Nosebleed section

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In the United States and Canada, the nosebleed section are the seats of a public arena, usually an athletic stadium or gymnasium, that are highest and, usually, farthest from the desired activity. A common tongue-in-cheek reference to having seats at the upper tiers of a stadium is "sitting in the nosebleed section" or "nosebleed seats". The reference alludes to the propensity for nasal hemorrhage at high altitudes, usually owing to lower barometric pressure.

The origin of the expression may have been the 1970s television series Happy Days. Toward the end of one episode, Richie Cunningham (played by Ron Howard) and all his friends got to go to the JF&F concert, but the tickets were for seats way up top. Fonzie (played by Henry Winkler) uttered the words, "I'm gettin' a nosebleed up here". This seems to be the first documented popular use associating "nosebleed" with the way-up-high cheap seats at a spectator event.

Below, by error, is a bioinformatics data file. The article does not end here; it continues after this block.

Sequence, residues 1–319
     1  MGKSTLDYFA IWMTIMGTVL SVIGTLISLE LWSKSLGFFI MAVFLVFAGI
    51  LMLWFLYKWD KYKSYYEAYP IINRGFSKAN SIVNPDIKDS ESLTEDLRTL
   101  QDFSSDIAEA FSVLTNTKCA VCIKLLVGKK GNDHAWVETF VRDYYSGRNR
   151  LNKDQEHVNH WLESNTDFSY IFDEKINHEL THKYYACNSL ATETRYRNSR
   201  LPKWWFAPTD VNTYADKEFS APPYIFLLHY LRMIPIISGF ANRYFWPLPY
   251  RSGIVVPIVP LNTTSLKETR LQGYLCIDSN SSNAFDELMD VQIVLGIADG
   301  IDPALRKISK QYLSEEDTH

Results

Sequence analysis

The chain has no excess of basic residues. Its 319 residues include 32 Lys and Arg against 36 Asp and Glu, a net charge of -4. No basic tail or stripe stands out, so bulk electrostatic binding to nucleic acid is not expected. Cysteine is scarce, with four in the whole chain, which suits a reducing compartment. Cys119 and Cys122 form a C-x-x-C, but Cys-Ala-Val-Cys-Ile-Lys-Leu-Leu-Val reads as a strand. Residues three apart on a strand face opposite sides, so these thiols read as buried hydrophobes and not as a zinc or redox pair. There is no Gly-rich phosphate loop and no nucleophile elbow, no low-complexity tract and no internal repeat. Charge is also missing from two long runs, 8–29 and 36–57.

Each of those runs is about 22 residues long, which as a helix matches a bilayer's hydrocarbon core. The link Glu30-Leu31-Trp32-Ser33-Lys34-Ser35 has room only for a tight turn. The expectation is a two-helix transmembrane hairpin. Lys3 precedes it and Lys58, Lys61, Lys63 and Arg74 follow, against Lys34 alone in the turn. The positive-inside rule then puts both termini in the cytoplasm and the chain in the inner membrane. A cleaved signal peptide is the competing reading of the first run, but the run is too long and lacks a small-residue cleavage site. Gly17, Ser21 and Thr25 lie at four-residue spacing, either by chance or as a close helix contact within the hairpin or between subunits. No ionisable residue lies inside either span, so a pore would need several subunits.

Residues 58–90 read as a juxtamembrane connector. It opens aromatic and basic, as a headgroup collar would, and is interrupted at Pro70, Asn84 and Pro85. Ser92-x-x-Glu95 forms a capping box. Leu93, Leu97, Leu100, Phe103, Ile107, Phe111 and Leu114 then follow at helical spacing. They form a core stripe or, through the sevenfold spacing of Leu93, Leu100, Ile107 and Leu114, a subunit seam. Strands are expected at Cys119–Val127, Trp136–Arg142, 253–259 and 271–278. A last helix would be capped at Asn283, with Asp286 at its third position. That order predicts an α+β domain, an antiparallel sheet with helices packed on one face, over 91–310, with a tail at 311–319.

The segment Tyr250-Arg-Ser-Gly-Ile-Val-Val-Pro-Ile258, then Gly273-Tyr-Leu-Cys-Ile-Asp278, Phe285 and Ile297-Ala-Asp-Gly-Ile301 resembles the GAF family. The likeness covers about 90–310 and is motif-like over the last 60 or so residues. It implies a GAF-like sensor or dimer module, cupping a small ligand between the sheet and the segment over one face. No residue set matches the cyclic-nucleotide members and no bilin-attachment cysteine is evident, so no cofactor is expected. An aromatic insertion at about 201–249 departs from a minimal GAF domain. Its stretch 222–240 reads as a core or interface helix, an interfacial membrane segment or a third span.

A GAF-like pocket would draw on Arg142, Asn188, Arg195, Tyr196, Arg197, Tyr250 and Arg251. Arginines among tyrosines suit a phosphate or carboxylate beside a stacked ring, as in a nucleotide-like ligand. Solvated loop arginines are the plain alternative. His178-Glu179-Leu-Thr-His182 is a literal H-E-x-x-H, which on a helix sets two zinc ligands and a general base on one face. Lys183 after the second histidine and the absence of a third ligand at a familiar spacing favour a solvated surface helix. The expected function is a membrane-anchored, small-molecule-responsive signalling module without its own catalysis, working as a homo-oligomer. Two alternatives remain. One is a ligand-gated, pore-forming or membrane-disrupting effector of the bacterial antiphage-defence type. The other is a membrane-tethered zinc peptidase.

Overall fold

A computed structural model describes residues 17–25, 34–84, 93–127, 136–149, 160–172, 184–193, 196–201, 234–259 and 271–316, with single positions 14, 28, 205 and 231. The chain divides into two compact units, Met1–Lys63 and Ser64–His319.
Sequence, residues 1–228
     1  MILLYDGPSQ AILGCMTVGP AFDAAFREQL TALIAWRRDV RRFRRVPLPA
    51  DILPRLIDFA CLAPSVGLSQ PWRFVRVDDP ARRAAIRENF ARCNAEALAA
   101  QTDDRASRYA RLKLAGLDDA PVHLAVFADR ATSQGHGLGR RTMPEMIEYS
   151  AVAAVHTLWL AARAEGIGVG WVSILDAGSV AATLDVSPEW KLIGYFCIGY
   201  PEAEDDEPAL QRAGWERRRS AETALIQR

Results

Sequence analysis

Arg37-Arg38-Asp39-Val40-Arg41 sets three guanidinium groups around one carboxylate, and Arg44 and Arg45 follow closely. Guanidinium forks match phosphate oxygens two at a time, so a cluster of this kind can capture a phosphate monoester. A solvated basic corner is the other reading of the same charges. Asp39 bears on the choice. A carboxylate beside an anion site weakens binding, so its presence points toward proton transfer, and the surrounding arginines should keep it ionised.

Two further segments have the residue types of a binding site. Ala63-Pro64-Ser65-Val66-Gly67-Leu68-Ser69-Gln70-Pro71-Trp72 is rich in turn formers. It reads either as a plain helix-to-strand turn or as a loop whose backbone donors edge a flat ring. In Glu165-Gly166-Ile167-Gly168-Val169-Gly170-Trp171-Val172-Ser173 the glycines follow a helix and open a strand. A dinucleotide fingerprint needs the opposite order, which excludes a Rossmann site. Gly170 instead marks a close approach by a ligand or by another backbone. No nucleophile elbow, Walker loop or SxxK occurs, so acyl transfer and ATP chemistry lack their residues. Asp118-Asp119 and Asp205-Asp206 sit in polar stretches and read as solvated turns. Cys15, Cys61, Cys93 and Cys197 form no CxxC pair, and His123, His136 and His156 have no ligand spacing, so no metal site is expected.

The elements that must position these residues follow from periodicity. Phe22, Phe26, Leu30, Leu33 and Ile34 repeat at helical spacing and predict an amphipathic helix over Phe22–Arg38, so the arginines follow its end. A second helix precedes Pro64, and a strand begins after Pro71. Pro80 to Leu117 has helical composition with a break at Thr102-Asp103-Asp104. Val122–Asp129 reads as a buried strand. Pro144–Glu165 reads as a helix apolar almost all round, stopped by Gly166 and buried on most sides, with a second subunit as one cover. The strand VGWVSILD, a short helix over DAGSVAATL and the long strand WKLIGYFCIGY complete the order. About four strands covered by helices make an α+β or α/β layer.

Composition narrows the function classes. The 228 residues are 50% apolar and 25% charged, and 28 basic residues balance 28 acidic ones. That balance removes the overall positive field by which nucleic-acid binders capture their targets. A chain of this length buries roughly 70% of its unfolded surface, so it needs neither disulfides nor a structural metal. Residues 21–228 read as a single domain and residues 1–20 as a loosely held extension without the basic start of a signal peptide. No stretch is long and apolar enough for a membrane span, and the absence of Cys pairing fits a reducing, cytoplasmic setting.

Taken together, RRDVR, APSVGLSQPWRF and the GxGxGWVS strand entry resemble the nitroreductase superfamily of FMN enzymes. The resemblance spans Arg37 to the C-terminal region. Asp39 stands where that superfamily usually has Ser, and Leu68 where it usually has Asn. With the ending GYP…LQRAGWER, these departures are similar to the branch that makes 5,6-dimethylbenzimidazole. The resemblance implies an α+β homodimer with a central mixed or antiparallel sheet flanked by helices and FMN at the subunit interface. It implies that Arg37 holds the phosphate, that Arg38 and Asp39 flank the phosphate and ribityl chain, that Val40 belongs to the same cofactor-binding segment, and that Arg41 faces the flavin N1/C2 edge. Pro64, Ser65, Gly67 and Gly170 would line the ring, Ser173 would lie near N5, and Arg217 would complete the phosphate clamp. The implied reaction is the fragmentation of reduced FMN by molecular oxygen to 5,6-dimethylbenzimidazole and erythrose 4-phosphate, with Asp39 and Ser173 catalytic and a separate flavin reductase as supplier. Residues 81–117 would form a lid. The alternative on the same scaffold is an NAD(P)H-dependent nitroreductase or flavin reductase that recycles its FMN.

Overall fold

In popular culture[edit]

Tom Petty's song "Money Becomes King" refers to a performer's original fans having to sit "way up in the nosebleeds".

The Australian hip hop group Hilltop Hoods have a song titled "The Nosebleed Section". In the song, the meaning of nosebleed section is reversed to mean the front row. This is because when a person has a nosebleed, they are often instructed (incorrectly) to keep their head back and look straight up - as people are forced to do in the front row of a high-stage show.[citation needed]

The band Imagine Dragons also have cited the expression with the meaning of a concert section in their song "Thunder". In the verse "Now I'm smiling from the stage, while you were clapping in the nosebleeds" they show they are the successful ones, while people who criticized them at an early age are now admiring them.

American rapper Post Malone used the expression in his song “White Iverson”. He says in his verse “Bitch I'm smiling, bet you see me from the nosebleeds”. This line refers to his happiness performing and the fact that people know him.

See also[edit]